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THE intention of the author has been to treat an antiquarian subject in a popular way: he has found in his progress that he has not been able to accomplish that purpose to the extent of his wishes. If he had accomplished it, he might, perhaps, have made a better speculation, but a worse book:—it would have possessed even less substance than in its present shape belongs to it.
The general success which attended the publication of such works as Censura Literaria, the British Bibliographer, and Restituta, the numerous reprints made of late years from judiciously selected productions of our early writers, without taking into view the prices which original specimens of the poetry of our ancestors now uniformly obtain, may be considered tests of the public taste in this respect. Though the author's
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plan is different, his design is the same: neither in his title, nor in his object, does he claim any novelty, nor is it of consequence that he should. The general scheme of this work was formed long before the appearance of the Rev. Mr. Dibdin's "Bibliographical Decameron," a work of far deeper research and far wider learning than the author can pretend to. Yet the subject of these inquiries, if not as curious and recondite, is at least as inviting and important, for, as a living critic has well said, " poetry is 'the stuff of which our life is made:' it is not a mere frivolous accomplishment—the trifling amusement of a few idle readers or leisure hours—it has been the study and delight of mankind in all ages."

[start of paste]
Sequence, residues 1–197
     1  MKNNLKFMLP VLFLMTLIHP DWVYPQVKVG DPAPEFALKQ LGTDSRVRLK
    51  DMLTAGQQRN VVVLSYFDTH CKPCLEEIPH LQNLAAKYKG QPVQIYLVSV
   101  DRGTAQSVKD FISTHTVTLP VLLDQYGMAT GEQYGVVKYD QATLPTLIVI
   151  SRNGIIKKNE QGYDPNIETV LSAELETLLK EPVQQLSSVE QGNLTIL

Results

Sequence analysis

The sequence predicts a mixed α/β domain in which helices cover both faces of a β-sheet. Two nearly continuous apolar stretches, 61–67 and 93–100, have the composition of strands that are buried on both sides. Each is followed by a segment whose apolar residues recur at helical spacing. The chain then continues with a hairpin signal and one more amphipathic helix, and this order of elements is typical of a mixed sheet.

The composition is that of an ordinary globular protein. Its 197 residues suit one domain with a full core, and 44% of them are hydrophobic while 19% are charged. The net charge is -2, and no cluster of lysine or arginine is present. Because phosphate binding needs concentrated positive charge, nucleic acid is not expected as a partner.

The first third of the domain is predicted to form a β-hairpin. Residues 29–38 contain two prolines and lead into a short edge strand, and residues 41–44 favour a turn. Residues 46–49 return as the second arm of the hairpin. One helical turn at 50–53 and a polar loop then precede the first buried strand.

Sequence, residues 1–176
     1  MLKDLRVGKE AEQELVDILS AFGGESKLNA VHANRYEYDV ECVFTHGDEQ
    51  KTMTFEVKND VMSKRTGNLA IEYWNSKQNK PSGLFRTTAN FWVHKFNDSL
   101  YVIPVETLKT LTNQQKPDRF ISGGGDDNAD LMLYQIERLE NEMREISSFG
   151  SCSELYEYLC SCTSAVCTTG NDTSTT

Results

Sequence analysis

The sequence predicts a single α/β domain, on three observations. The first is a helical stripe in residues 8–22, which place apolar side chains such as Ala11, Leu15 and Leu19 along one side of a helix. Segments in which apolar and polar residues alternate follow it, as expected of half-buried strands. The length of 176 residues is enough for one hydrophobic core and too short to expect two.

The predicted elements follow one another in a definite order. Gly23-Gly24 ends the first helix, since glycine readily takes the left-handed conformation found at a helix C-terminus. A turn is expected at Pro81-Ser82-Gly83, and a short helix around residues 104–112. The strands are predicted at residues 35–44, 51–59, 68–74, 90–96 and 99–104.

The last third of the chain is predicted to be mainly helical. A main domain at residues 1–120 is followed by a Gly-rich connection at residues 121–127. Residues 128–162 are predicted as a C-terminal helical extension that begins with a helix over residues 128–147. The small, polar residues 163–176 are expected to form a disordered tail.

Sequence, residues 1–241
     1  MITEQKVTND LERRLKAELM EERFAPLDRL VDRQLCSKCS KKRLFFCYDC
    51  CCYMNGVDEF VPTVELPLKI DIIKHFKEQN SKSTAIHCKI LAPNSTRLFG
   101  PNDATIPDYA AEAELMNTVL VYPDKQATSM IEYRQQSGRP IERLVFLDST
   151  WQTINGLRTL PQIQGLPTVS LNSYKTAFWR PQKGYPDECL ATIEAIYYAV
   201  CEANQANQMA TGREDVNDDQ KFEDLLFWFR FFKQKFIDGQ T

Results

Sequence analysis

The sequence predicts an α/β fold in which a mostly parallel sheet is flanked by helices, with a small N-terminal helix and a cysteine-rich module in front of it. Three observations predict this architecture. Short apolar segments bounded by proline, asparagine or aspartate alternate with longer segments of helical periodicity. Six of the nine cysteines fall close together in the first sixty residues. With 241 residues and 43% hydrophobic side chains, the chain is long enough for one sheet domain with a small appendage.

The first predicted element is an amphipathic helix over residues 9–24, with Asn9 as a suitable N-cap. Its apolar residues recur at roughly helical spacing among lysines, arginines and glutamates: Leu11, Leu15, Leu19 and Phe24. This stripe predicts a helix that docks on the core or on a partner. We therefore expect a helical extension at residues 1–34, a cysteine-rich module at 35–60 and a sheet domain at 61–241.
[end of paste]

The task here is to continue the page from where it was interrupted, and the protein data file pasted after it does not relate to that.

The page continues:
As to the matter of the work before him, the reader will find it more fully explained in the Induction; but it may be necessary here to remark that where other writers have gone before him in extracts from or criticisms upon any of our old poets, the author has either shunned the track, or has freely admitted his obligation to his precursors. He knew that the chief recommendation of his work, after all, would be its originality, as far as respects the various books of which specimens are introduced; and it has therefore been a principle with him to avail himself as little as possible of other men's labours.
With regard to the manner, the form of dialogue has been selected, as allowing more ease and familiarity of observation, and at the same time a greater facility of excursion from one book or from one subject to another. It is a saying of refined antiquity, that a meeting of friends should never consist of more than the Muses, or of fewer than the Graces: the latter has been chosen in this instance for greater convenience and simplicity, and as much diversity of character has been displayed as the nature of the conversations would easily allow. Congeniality of feeling was of course necessary, and different modifications of it was nearly all that could be attempted.
There is but one of the succeeding conversations, the seventh, which can be properly called miscellaneous, for all the rest have one leading object, more or less strictly pursued. Thus in the first, a very rare poem of much talent by Fitzgeffrey, may be said to be the ground-work; all the digressions in their degrees contributing to illustrate it. The second treats particularly of the rise and progress of undramatic blank verse in English, used at least a century before the publication of Paradise Lost. The four next conversations are devoted to the origin and improvement of satirical poetry, of which Bishop Hall, with a little of what Lord Bacon calls "the varnish of boasting,1' falsely claims and has been generally admitted to be the earliest inventor or practiser, when, in truth, he was preceded by several celebrated writers. The seventh contains a collection of curious poems, independently of such as the author had introduced in his progress in furtherance of the main designs. The eighth criticises an original novel, on which Shakespeare founded his "Twelfth Night," very recently discovered, and unknown to all his numerous editors: it also adverts to other productions to which our great dramatic bard was indebted. The ninth and tenth conversations